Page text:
Across America every spring and summer (even fall and winter in the warmest parts) there are weekly events supporting this cause or that and in over 100 cities the NMSS (National Multiple Sclerosis Society) puts on 2 day events that average 150 miles. These events are held with fewer than 1000 riders in some areas, and as many as the 13,000 riders in the Austin-Houston BP ride!

The MS rides have a minimum commitment of $300 per rider and most people ask friends and family for donations to meet their quota, but some raise $20,000 by themselves. Outside of individuals, there are teams that take these events to unreal levels. Some teams are made up of employees from corporations such as EDS, Southwest Airlines, BP, to name but a few. These big corporate teams can have as many as 300 riders who each raise a minimum of $300 each. That is $900,000 from 1 team! And you can be sure many of these riders get into competitions with their coworkers to see who can raise the most money. Now imagine the level of competition to help out Americas Heroes.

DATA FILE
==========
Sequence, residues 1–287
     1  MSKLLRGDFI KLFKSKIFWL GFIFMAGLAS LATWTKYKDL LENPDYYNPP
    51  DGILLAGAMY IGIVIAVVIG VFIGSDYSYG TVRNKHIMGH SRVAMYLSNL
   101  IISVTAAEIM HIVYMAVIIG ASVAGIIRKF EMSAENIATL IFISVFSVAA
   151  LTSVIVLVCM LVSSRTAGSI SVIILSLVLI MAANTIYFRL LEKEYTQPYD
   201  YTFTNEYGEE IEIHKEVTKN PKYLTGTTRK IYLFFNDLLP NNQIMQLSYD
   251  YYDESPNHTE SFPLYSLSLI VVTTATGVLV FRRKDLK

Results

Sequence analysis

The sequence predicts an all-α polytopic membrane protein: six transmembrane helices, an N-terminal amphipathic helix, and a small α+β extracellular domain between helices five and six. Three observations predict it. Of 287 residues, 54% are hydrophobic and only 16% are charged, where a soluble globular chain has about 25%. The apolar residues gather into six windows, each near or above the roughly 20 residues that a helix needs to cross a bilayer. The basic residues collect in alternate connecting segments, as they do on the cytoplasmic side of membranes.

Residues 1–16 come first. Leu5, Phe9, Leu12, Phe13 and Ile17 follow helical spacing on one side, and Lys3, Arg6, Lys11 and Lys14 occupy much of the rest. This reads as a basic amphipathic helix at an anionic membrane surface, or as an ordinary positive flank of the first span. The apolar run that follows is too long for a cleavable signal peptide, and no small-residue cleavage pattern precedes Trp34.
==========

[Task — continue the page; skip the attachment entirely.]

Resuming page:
So… you can see this is an incredible way to raise money to help our brothers and sisters.

Ride for 9/11 Heroes

Starting in Boston, Massachusetts and finishing in downtown Manhattan the ride will cover 25-300 miles over 4 days and attract as many as 10,000 cyclists who each raise a minimum of $300 or a minimum total of $3 million that will go directly to foundations and agencies helping those we lost, are losing and their families.

We have elected to enlist the services of Red Licorice Productions (RLP) to organize and promote our event. Why you ask? Simple, RLP is in the business of organizing large events and have the contacts, business knowledge and expertise needed to make this an event, not just a ride.